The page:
Many years later, Lochiel was in London and went into a barber’s shop to get his hair and beard trimmed. When the razor was passing over his throat, the chatty barber observed, “You are from the North, Sir?” “Yes,” said Lochiel, “I am. Do you know any people from the North?” “No sir,” replied the barber, “nor do I wish to; they are savages there. Would you believe it, sir, one of them tore the throat out of my father with his teeth, and I only wish I had the fellow’s throat as near to me as I have yours right just now.” Lochiel said nothing, but he never entered a barber’s shop again. 

The Munro’s Salute 

            This tune is the product of John Dall MacKay, Piper to MacKenzie of Gairloch who, being a favourite of the Munroes, was a frequent guest at Fearndonel, the seat of the chief, where he was treated with particular kindness, and composed this salute in compliment to his hospitable friends.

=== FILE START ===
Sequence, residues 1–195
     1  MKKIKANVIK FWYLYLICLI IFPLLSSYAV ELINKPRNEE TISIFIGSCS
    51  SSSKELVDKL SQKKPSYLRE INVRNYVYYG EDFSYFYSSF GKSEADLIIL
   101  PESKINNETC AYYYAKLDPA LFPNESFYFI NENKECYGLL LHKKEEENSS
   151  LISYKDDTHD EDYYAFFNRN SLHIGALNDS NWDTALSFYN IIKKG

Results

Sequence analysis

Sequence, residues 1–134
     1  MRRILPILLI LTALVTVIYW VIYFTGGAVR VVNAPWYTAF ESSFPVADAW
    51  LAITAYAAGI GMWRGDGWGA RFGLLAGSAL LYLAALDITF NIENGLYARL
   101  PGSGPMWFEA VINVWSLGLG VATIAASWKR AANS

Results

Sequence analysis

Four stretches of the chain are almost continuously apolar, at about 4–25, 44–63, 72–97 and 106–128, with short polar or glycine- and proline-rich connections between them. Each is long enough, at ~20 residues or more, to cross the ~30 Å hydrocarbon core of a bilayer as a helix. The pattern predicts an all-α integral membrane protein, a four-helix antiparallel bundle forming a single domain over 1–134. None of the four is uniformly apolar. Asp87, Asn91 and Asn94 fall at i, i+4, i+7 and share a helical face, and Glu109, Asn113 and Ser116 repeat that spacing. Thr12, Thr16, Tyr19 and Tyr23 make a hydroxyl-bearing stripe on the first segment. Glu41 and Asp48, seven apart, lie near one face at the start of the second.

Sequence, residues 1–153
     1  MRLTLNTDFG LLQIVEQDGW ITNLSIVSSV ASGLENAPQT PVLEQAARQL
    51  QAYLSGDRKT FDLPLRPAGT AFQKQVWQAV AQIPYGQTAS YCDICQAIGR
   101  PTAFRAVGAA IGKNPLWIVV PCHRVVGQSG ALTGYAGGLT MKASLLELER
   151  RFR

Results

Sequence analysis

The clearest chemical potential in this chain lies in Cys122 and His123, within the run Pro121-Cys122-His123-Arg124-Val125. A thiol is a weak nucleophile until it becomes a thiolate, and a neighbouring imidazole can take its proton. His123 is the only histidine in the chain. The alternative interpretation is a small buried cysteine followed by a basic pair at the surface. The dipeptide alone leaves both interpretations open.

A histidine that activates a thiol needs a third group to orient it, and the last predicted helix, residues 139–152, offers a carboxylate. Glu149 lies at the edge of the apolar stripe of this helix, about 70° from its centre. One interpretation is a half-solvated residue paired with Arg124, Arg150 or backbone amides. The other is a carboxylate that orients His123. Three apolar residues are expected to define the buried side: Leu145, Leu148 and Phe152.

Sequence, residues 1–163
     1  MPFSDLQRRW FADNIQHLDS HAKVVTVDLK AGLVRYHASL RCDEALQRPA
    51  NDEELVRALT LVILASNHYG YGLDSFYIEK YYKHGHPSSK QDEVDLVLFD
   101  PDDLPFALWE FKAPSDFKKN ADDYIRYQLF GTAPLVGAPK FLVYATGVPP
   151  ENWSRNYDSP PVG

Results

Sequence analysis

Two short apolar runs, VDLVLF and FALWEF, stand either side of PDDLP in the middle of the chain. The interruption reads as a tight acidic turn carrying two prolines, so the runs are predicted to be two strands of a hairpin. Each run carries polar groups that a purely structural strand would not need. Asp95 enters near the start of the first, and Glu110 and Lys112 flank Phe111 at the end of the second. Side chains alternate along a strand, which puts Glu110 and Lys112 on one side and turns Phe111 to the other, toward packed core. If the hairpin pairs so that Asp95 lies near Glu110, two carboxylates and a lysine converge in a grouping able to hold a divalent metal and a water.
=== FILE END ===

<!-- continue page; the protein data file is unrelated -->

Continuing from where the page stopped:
The Company’s Lament 

                Little is known about the origins of this tune which is said to have been composed to mark the untimely death of a young piper serving in India at the time of his death.

 Queen Elizabeth The Second’s Salute 

            This tune was composed by Donald MacLeod to mark Her Majesty’s Silver Jubilee in 1976. MacLeod was born in Stornaway where he began piping at an early age. He served in the Seaforth Highlanders for twenty-five years, twenty-one of them as Pipe Major. He was a most successful competitor and is a fine composer of all forms of bagpipe music, including piobaireachd. In 1978, Donald MacLeod was awarded the M. B. E. for his services to piping.

 Lady Anapool’s Lament